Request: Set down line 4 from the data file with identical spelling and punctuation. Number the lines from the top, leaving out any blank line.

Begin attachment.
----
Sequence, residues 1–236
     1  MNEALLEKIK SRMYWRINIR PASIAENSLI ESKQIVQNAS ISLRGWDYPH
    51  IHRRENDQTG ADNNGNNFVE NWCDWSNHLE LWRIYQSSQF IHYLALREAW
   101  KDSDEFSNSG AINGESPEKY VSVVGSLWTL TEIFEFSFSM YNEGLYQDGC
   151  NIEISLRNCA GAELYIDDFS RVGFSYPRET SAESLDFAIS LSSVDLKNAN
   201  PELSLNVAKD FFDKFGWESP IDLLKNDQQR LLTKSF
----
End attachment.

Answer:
   101  KDSDEFSNSG AINGESPEKY VSVVGSLWTL TEIFEFSFSM YNEGLYQDGC